Our bacterial beginnings

Fermentation gives us wine, beer, chocolate, cheese, coffee, sauerkraut, kimchi, yoghurt and much more. It is the process whereby microorganisms, such as bacteria and yeasts, break down glucose or other carbohydrates to produce energy for themselves and release other byproducts.

However, it is not only bacteria and yeasts that are capable of fermentation – all of the cells in our bodies derive at least some energy by fermenting glucose (our red blood cells derive all their energy from fermentation). This is because the first single cell bacteria in the oceans derived their energy by fermenting hydrocarbons and later glucose. We evolved from those bacteria, and so our cells have retained fermentation as a process for energy. As Sandor Katz puts it nicely, “…humans did not invent or create fermentation; it would be more accurate to state that fermentation created us.”


The earliest lifeforms we know of were bacteria and archaea (known collectively as prokaryotes). These lifeforms occupied different ecological niches and, while the archaea are of great interest, I won’t return to them.

It is the bacteria that were critical to the evolution of more complex life (including us). These consisted of an enclosed cell that could control its internal environment, separate from the surroundings. There were no internal structures, and floating inside was a simple form of DNA and some enzymes and other molecules for decoding the DNA and performing functions for the cell. It is suspected that this DNA came from viroids, which were free-floating strands of RNA (think DNA split in two). The viroids later evolved into viruses (and prions). It is notable that viruses are adept at entering cells, and we can assume viroids were too. Viroids are not considered part of life (neither are prions, but there is debate as to whether viruses are).

These first bacteria energised themselves by fermenting hydrocarbons that had formed in the ocean. The bacteria did this by splitting the hydrocarbons into smaller molecules, and the energy that was released by this process was ‘stored’ in a molecule abbreviated ATP. All of the cells in our bodies still do that (get energy from fermentating glucose and store it in ATP), as do the cells in all other members of the animal kingdom. This is what biologists call a ‘preserved trait’, and why we can confidently trace members of the animal kingdom back to early bacteria.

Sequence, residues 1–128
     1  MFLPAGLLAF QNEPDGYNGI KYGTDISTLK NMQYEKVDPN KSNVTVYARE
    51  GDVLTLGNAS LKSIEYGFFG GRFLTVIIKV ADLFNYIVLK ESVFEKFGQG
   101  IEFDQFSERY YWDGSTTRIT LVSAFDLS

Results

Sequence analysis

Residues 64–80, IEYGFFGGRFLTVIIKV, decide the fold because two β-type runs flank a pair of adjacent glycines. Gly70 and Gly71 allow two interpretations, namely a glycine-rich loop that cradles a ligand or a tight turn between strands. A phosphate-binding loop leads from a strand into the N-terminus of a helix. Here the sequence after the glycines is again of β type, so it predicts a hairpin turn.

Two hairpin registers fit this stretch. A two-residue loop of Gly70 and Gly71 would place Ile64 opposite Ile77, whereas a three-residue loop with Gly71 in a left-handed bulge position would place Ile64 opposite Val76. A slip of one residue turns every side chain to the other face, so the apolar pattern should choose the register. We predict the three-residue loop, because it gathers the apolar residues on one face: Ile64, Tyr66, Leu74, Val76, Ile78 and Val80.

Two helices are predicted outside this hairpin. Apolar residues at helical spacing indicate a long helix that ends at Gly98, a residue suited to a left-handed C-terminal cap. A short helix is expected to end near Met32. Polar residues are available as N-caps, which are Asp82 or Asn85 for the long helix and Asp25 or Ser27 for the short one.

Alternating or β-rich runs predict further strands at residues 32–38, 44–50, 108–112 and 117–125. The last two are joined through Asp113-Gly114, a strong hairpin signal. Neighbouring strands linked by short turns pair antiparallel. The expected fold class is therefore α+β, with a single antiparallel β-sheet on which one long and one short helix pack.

We now call the hydrocarbons that are part of life, and that we eat, carbohydrates. In time, glucose became the carbohydrate used in bacterial fermentation. One glucose molecule produces 2 ATP, and some byproducts. The fermentation did not require oxygen, it was anaerobic. The reason for this was simple, there was no free oxygen in the atmosphere, or in the oceans. The main atmospheric gasses were probably nitrogen gas, carbon dioxide, sulphur dioxide, sulphur gas, hydrogen gas, ammonia and methane.

Oxygen gas in the atmosphere

Without fuss, bacteria persistently evolved. Evolution may have its dead ends, but it only travels in one direction – complexity and cooperation.

At some point, a bacterium formed that didn’t need carbohydrate in its surrounding environment for energy – it made its own glucose with something abundant: Sunlight. It had evolved chlorophyl. Plentiful renewable energy.